Let me commence with what I hold to be my accepted verities. It is also my fervent wish that you accept them as well, thank you.
Make no bones about it. Churches, mosques and temples of all religions and their priests, imams, rabbis, pastors and preachers, as citizens, each and collectively, own the protected and inalienable constitutional right to free speech in a functioning democracy. In fact, the human right to espouse and fight for what is morally and ethically right.
Social issues, morals and ethics of human behavior, when totally divorced from and shorn completely of any partisan shades or entanglements, naturally belong to the apostolate of any church in instructing and directing the observances and practices of their religious faithful. Church and religion exist as the source of moral and ethical guidance alongside existing civil and criminal laws of the land, albeit even if only in supporting a public life subsidiary role.
When a nation’s very governance itself becomes a moral and social issue, it becomes perforce the obligation of the church to express its public participation in the conduct of her guidance and counselling over what is perceived and accepted as “the right thing to do.” The moral and ethical well-being of communities is church turf.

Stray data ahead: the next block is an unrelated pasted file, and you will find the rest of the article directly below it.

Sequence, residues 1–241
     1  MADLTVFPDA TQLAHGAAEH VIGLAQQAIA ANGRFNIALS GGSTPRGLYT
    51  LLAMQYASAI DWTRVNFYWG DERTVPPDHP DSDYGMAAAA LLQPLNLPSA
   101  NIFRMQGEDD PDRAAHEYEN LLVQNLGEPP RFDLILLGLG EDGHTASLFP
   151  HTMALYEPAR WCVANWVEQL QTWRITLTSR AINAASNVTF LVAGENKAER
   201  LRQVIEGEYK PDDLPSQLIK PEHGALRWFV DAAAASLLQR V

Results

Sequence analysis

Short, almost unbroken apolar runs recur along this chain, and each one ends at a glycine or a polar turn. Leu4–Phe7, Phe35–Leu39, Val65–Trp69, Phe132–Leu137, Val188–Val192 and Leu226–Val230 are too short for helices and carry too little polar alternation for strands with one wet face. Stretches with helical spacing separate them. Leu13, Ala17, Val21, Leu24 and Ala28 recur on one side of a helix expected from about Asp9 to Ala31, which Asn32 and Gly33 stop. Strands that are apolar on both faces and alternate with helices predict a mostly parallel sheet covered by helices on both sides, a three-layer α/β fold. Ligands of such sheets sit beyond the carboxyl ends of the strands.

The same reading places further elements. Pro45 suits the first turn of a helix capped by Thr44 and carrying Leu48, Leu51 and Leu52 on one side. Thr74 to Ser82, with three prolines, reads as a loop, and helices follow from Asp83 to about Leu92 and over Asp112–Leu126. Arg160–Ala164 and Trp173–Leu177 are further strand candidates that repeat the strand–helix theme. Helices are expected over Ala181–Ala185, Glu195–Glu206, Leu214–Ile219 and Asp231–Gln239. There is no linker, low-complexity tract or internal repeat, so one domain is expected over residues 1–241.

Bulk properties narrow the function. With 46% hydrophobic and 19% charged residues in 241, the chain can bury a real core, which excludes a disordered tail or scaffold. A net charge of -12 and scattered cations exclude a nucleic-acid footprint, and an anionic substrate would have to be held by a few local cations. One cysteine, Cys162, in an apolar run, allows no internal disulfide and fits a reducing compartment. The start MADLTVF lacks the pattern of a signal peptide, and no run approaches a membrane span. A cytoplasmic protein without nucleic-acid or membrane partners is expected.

Who is to argue that the Duterte administration has not descended into a moral morass? By words and deeds, has not the President flagrantly displayed himself to be the national moral issue?
Might all the Duterte bluster and blasphemy against the Catholic Church and her bishops and priests partake of his sinister effort to intimidate and silence the Church and her stalwarts from participating in the non-partisan exercise of their inalienable rights?
And how has the Catholic Church, thus far, behaved and reacted? Would you say, lame? Inutile? Answer me this, then. Has the church proven ineffectual in preventing public and political malevolence?
The forthcoming May elections bring forth before the Filipino electorate an event, an opportunity of singular political significance. Never before have we ever had senatorial slates touting characters of unquestionably questionable repute! When was it ever, the electorate being baited, cajoled and bribed into voting in candidates with pending criminal cases? With individuals accused of very serious felonies, specifically “plunder” as defined by Philippine law? Comebacking overweeningly ambitious politicians with feckless and mediocre performance records; in fact, some with none at all? And those with shoddy and selfish, lip-service commitments to genuine public concerns? What about those who are unashamedly pawns and puppets?
This particular election presents the people with a clear moral issue. Good versus evil! Must the faithful, we the very flock, allow our church to be absent from the town square, to take an undeserved sabbatical? I think not. The church must unsheathe! She is being bullied and wounded. She must therefore engage and fight back! The flock awaits!
”ISOG Han Samar Movement”